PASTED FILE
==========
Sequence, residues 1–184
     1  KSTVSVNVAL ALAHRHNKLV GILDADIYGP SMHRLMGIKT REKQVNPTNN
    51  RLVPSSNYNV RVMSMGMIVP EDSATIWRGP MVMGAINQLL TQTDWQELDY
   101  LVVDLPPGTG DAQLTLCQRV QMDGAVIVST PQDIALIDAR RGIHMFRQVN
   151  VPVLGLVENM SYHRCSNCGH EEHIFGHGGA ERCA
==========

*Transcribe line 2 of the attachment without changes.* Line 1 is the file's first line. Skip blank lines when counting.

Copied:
     1  KSTVSVNVAL ALAHRHNKLV GILDADIYGP SMHRLMGIKT REKQVNPTNN